|By Donna Hogan, The Tribune, Mesa, Ariz.|
Knight Ridder/Tribune Business News
Jan. 20, 2005 - Paradise Valley's soon-to-be-reborn La Posada Resort is getting a massive $185 million makeover that will elevate it to a world-class property for travelers and luxury home buyers.
And the sprawling 28-acre property at Lincoln Drive and Tatum Boulevard is scrapping the old name along with the tired look and sea of asphalt that flanks the existing entrance. The 26-year-old inn will be dubbed Montelucia when the makeover is completed, said Robert Flaxman, chief executive officer for new owner Crown Realty & Development Corp. It's a combination of the European-flavored word, "monte," meaning mountain and a derivative of the Latin word, "lux," meaning illumination or light.
Flaxman said the name evokes the luxurious setting at the base of Camelback Mountain and the Old World Spanish-flavored architecture that will characterize the resort's new image.
Crown is expected to add a nationally recognized upscale tag -- such as Ritz Carlton, Intercontinental, Four Seasons, St. Regis, Hilton, Marriott or another major luxury brand -- to the resort's name within a few weeks.
Flaxman would not say which affiliation is signing on because the negotiations are not complete.
The property's extravagant renovation budget is six times what Crown paid for the place.
The California-based development company originally planned a $75 million redo, but instead is opting to demolish nearly everything and start over rather than remodel the 26-year-old buildings, Flaxman said.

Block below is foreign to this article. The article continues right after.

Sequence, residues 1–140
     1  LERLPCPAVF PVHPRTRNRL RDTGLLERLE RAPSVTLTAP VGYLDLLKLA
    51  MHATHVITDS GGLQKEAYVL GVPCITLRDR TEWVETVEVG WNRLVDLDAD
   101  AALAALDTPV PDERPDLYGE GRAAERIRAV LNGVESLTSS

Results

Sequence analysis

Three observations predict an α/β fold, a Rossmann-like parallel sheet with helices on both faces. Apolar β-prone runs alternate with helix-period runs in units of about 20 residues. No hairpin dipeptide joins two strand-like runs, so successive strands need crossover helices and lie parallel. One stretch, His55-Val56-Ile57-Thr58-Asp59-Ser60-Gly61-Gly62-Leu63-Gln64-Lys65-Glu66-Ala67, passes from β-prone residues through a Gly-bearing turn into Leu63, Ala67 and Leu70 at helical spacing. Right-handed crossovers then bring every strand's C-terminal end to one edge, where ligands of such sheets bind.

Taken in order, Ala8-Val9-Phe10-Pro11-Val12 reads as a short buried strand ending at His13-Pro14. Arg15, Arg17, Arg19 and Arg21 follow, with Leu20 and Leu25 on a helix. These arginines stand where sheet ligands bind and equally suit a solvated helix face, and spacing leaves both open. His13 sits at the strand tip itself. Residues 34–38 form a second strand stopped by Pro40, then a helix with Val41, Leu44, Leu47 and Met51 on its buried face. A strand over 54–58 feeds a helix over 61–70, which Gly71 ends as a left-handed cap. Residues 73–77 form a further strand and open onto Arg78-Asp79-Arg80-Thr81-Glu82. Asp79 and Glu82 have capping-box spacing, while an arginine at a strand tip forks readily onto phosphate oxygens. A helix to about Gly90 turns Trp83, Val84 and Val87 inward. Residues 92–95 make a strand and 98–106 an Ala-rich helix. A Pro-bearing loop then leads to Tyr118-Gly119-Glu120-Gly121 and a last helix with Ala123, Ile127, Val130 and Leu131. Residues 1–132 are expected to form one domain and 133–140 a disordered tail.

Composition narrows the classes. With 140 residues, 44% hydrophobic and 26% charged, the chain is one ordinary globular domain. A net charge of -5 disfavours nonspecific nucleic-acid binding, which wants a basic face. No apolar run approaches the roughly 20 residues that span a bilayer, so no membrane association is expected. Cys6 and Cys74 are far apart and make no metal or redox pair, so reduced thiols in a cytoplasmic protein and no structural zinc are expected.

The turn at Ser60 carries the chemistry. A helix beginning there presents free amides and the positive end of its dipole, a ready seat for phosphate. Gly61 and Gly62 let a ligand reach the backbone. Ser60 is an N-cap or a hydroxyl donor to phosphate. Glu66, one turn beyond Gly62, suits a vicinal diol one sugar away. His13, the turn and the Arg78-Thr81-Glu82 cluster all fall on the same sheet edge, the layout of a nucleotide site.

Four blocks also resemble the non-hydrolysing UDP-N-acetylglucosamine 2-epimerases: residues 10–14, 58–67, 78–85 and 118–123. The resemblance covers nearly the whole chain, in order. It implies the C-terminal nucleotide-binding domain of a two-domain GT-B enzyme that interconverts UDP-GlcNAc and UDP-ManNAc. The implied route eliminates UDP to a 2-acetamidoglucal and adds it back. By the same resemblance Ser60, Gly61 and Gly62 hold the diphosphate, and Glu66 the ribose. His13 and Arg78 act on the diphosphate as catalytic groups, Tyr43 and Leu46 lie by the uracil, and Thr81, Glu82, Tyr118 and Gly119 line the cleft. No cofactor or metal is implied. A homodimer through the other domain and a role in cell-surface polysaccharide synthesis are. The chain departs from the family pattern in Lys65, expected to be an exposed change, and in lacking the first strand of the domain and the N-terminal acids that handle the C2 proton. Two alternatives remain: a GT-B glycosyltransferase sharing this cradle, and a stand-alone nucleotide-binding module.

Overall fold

"We really stepped up the quality level," he said. Crown is aiming for a five-diamond, five-star level resort instead of the four-sparkler status it hoped to collect with the $75 million fix-up, Flaxman said. Only five Arizona resorts, including La Posada neighbor JW Marriott's Camelback Inn, picked up five diamonds this year from AAA. Mobil Travel Guides didn't bestow five stars on any local properties.
Crown plans to close the resort in May and start ripping it up, with a grand reopening planned for fall 2006. The redone resort will have 157 high-end rooms, a signature restaurant, a 30,000-square foot spa, a grand ballroom, meeting space, boutiques and a wedding chapel with outdoor garden.
In addition, Crown intends to sell 66 luxury suites, 24 cabana casitas averaging 1,700 square feet -- the size of a small house, and 34 luxury villas averaging 4,500 square feet -- the size of a large house. Sales offices will open on the property in a few weeks, Flaxman said, but Crown has already been fielding calls from potential buyers.
"We've been blown away by the interest level," he said. "The phone is ringing off the hook." He said the prices haven't been set in stone yet.
"The resort villas should sell somewhat north of $2.5 million," he said.
Crown also bought and closed the nearby Mountain Shadows Resort and is working on redevelopment plans -- a prospect that has worried nearby residents and town officials, who are concerned that the hotel and golf course would be razed for homes.
Flaxman said he has been meeting with local officials and community members. "Talks have been productive," he said.
He would not say how the final plans are firming up.
"I'll just say we are not in the business of slaying sacred cows," Flaxman said.
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